Idaho state Commerce Director Jeff Sayer introduce new business incentive legislation this morning that he called a “game-changer” for economic development in Idaho. Patterned after a Utah law, the bill would allow the state to consider rebating up to 30 percent of a company’s corporate income tax, sales tax and payroll tax if it brings in certain numbers of high-paying new jobs. The credit would be available to existing as well as new companies, and projects would qualify only if they bring a minimum of 20 new jobs to a rural area or 50 to an urban area; and if the new jobs pay higher than the typical wage in the county.
The House Revenue & Taxation Committee voted unanimously to introduce the bill, clearing the way for a full hearing. Sayer said he’s not requesting any funding for the bill, because it would be “self-funding” – the taxes would be rebated only if they’re first generated and paid in to the state. He estimated that if companies applied next year, the foregone taxes wouldn’t exceed $3 million.
Sayer said the new incentive would work for any industry, unlike Idaho’s current incentives, which focus on paying for infrastructure like roads and sewer lines. That would allow Idaho to entice “professional service firms, software firms, tech firms – companies that traditionally don’t need infrastructure, he said. “By having a tool like this, Idaho will be able to be at the table and be recognized in deals we’re not even being considered in right now.” Click below for a full report from AP reporter John Miller.
Idaho Commerce director pitches new tax incentive
By JOHN MILLER, Associated Press
BOISE, Idaho (AP) — Idaho's lackluster tax incentives make it flyover country for many companies looking to relocate or expand. That's the verdict of Department of Commerce Director Jeff Sayer, the state's top economic development promoter, who pitched a plan Friday he believes would help change that.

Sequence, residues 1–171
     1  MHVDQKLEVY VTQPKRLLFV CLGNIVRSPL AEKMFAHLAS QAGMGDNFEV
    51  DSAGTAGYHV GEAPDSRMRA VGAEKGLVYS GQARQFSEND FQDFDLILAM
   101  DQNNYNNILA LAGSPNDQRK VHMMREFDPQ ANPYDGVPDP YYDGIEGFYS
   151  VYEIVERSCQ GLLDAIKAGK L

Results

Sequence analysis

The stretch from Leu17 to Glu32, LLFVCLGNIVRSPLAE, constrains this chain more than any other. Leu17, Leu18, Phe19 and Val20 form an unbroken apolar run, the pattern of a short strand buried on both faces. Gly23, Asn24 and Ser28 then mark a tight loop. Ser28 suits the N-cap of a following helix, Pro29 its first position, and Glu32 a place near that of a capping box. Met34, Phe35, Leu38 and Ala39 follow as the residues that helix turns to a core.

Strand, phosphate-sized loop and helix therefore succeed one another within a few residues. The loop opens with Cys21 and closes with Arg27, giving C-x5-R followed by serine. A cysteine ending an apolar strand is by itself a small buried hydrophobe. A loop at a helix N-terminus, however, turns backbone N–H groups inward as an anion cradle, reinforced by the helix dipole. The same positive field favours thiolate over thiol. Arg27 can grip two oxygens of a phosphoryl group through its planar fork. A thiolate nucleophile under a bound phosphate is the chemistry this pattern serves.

The measure, modeled after one in Utah and supported by Gov. C.L. "Butch" Otter, is Sayer's "highest priority" for the 2014 Legislature, he told the House Revenue and Taxation Committee.
His proposition is this: What if Idaho allows companies that hire new, well-paid employees to recoup up to 30 percent of their income, sales and payroll taxes after they've proven to have met expansion promises? That way, Sayer says, the state would protect itself from companies that don't follow through by declining to distribute the money.
"We literally will be putting the responsibility on the shoulders of the companies to determine their own success," Sayer said. "We feel like we will be out in front and competitive."
The House tax panel introduced the measure, for debate in coming weeks.
According to the proposal, companies would have to create jobs and pay income, sales and payroll taxes before ever getting a penny back from Idaho's government.
Beforehand, they'd work with the Department of Commerce, as well as the seven-member Idaho Economic Advisory Council, to negotiate the level of tax credit — ranging from 1 percent to 30 percent. They'd also hash out the duration of the deal — up to 15 years — along with the terms to be met in order to get their tax credit.
Companies in rural areas would have to create at least 20 new jobs, while companies in urban areas would have to create 50 jobs, all of which pay more than the average in the county where those jobs are located.
Another provision requires local communities to demonstrate they support the projects by offering a match.
That's something Commerce spokeswoman Megan Ronk says could range from helping dig a ditch for utilities, if that's all a community has to offer, to more significant monetary help for projects in more urban areas.
"There's a whole range of matches that could be eligible," Ronk said.
This "Tax Reimbursement Incentive" is similar to a five-year-old program from Utah.
There, the incentive has been credited with helping lure companies including a German prosthetics maker, Ottobock HealthCare, to create 80 jobs in the state around Salt Lake City.
Sayer, a former Utah resident, says he doesn't mind cribbing from Idaho's southerly neighbor, if it helps create jobs. "They've proven it works," he said.
His proposal includes some differences with Utah's program, however.
For instance, when that state's Legislature created the program in 2009, it excluded retail companies. Idaho, by contrast, will hold out this tax carrot to retail stores.
Sayer says he's optimistic the plan will prevent companies that churn out low-paying jobs from getting the benefit.
"At the end of the day, we wanted this to be open," Sayer said. "By having those minimum requirements built into the bill, it's going to be self-selecting,"
Copyright 2014 The Associated Press